Trac to Phabricator (Maniphest) migration prototype

Matthew Pickering matthewtpickering at
Mon Jan 9 11:41:55 UTC 2017

To first reply to the one specific reoccurring point about custom fields.

The problem with 'os' and 'architecture' is a philosophical one, in
what way are they any different to any other metadata for a ticket? I
am of the opinion that we should only include information when it is
relevant, a lot of the time these two fields are not.
Including the fields as a special case is in fact worse as users feel
obliged to complete them even when they are irrelevant. Users who are
interested in these platforms are interested in problems which are

These fields have been structured for over 10 years now, some options
have been barely used but still clutter all interfaces. Nearly 2000
tickets are tagged as relevant to `x86` which massively dwarfs the
other fields -- there is an assumption that unless otherwise stated
the problem is manifested on x86 as that is the default use case.
What's more, just by browsing tickets categorised with this meta data,
it is often evident from the title that the problem is on a
non-default operating system. The assumption in this case is some
debian derivation, users reporting issues on other operating systems
include the operating system prominently as they know it is not
standard. (For example -

Stats for architecture -

Stats for operating system -

I modified my local install of phab to add custom fields,

The results were better than I remembered but I am unsatisfied that
they behave differently to projects and clutter up the description of
each ticket when they are "unset".

On the other hand, I think custom fields are suitable for things like
test case, wikipage etc. It is easy to add a field to carry over the
test case but I always found it a bit redundant as by looking at the
commit information you could work out which test is relevant to which

So to summarise I think..

Component -> Projects
OS -> (Sub)Projects
Arch -> (Sub)Projects
Keywords -> Projects
Version -> Remove (It is a proxy for date reported)
Milestone -> Project (Milestone)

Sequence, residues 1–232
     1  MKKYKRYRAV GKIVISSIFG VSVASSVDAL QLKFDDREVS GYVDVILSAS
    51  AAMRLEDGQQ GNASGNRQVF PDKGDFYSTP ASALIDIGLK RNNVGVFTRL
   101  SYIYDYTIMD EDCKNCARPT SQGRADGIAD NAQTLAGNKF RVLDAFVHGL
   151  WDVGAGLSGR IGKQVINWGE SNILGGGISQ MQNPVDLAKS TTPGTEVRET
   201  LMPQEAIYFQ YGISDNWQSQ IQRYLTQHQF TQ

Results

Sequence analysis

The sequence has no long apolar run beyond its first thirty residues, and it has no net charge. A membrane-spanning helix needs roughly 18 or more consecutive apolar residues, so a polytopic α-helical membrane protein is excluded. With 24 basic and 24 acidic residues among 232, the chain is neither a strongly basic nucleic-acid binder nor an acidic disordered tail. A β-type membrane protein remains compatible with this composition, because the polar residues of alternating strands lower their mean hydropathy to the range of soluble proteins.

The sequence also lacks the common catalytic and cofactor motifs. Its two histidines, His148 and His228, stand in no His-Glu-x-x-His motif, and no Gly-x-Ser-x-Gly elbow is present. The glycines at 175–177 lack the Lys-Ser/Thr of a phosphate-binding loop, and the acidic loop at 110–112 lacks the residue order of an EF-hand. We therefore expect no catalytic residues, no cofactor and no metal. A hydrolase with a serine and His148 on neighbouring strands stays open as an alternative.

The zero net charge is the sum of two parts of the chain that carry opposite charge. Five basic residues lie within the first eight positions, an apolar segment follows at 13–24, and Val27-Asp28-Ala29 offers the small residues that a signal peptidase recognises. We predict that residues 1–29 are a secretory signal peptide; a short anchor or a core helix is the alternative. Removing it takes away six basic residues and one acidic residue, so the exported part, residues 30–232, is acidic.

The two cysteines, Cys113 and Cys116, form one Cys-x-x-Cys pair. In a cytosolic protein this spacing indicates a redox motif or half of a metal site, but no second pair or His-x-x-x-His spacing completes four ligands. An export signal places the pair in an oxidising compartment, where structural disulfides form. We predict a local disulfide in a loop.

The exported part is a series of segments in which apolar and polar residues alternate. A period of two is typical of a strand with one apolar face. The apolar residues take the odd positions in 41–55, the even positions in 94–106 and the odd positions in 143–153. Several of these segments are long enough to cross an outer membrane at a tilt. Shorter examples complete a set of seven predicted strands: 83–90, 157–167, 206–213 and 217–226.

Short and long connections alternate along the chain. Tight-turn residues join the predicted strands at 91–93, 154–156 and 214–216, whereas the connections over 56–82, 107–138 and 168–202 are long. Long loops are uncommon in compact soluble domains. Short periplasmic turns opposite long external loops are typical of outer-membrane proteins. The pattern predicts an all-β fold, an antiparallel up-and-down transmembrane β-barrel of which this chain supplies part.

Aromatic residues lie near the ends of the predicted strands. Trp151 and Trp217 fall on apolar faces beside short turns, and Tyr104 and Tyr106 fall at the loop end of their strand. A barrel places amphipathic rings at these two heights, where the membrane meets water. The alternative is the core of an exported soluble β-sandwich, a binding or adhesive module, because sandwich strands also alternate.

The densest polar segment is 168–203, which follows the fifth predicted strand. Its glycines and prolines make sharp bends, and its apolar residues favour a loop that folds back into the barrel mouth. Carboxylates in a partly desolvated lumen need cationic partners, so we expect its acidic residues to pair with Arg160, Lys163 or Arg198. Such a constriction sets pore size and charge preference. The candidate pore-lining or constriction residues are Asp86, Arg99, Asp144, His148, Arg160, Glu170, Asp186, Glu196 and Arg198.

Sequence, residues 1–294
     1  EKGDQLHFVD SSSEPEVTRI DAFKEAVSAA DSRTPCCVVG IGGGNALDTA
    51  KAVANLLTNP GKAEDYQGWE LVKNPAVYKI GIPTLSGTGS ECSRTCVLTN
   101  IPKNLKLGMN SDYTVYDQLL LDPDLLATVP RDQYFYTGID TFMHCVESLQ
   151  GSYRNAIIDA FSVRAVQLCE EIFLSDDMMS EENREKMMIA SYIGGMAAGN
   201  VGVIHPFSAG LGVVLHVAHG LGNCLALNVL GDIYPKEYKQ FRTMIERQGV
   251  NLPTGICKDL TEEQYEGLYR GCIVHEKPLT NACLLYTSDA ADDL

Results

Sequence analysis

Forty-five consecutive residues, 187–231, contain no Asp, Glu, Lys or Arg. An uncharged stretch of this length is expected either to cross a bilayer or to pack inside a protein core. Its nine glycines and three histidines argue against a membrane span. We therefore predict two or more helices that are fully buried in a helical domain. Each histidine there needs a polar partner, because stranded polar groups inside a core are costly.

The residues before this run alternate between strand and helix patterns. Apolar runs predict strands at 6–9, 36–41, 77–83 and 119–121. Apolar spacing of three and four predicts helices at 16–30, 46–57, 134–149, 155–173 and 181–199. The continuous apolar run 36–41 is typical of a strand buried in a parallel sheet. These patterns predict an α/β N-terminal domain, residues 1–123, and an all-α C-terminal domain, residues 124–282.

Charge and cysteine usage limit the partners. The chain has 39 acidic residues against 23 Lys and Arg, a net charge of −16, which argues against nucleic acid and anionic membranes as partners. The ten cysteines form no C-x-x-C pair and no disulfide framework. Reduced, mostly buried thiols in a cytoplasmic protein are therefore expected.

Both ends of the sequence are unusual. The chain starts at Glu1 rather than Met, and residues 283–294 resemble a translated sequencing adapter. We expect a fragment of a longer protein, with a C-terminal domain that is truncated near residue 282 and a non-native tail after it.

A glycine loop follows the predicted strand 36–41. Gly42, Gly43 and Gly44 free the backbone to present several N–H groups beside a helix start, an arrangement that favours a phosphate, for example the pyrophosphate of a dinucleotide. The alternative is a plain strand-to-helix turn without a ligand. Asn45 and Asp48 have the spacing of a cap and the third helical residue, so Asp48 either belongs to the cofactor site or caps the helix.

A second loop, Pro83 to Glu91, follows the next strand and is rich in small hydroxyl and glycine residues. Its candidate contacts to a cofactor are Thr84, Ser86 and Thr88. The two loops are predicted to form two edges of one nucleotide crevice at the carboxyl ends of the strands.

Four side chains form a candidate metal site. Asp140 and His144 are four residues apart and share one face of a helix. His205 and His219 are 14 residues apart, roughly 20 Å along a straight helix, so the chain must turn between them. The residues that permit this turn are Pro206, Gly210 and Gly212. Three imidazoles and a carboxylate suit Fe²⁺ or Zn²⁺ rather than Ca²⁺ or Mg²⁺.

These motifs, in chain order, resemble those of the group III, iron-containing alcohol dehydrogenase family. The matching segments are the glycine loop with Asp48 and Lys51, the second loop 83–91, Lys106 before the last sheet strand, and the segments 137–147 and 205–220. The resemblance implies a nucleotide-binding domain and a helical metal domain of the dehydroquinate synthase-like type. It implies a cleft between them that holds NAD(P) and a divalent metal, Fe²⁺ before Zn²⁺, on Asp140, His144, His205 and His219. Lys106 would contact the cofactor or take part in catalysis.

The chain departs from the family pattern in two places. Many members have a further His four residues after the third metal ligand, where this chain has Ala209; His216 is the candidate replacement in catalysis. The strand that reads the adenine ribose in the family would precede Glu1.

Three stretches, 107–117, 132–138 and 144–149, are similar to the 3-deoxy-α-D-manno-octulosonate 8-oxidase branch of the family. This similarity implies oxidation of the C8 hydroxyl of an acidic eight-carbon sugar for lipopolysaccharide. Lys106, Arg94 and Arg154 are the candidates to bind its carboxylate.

On Sun, Jan 8, 2017 at 2:32 PM, Richard Eisenberg <rae at> wrote:
>> On Jan 8, 2017, at 12:40 AM, Ben Gamari <ben at> wrote:
>> * Metadata: Custom fields are supported.
> In agreement with your comments above, I'm glad to see this. Trac's metadata currently is suboptimal, but I don't think this means we should throw out the ability to have structured metadata in its entirety.
>> * Flexible user interface: Custom fields can be hidden from the new
>>   ticket form to prevent user confusion.
> Yay.
>> * Familiarity: Many users may feel more at home in Phabricator's interface;
>>   reMarkup's similarity to Markdown also helps.
> Nitpick: Do we have any control over this? (I doubt it.) I find switching between GitHub Markdown, RST, and reMarkup to be a low-grade but constant annoyance.
>> * Legibility:
> I seem to recall that Phab originally used gray-on-white in Diffs, but we were able to fix with some CSS. (Or did it require upstream intervention?) Perhaps we can do something similar here. I find the modern trend to use lower-contrast interfaces utterly maddening.
>> What does Trac do well?
>> -----------------------
>> * Convenient cross-referencing: while the syntax is a bit odd, once you
>>   acclimate it is quite liberating to be able to precisely
>>   cross-reference tickets, wiki documents, and comments without copying
>>   links around.
> Yesyesyes.
>> * Automation of ticket lifecycle: Trac tickets progress through their
>>   lifecycle (e.g. from "new" to "patch" to "merge" to "closed"
>>   statuses) through predefined actions. This means that moving a ticket
>>   through its lifecycle typically only requires one click and the right
>>   thing happens with no additional effort. I think this is a great model,
>>   although in practice it's not clear how much we benefit from it
>>   compared to a typical Maniphest workflow.
> I'm less convinced about this benefit of Trac. For instance, if I close a ticket in error, I lose ownership. Then I have to reopen but cannot set an owner at the same time. Maybe it's just a configuration issue, but I imagine we have experienced devs doing ticket-state management and don't need strict controls here.
>> What does Trac do poorly?
>> -------------------------
>> * Active development: Trac is largely a stagnant project.
> I was unaware of this. This is a significant downside in my opinion.
>> * Safety: I have personally lost probably a half-dozen hours of my life
>>   to Trac eating comments.
> That's odd. I have not had this experience.
>> * Relations between tickets: Trac has essentially no first-class notion
>>   of ticket relatedness. Even duplicate tickets need to be manually
>>   annotated in both directions.
> Yes. Frustrating.
>> * Keywords are hard to discover and apply
> Yes. With discoverable keywords, we might be able to get more reporter buy-in.
> One more issue that we should consider: email notification. Perhaps I'm stodgy, but I'm a big fan of email. Trac emails notifications are not quite ideal (I wish the new content came above the metadata), but they're very functional. How does Phab compare? Can we see a sample notification it might create?
> Thanks!
> Richard

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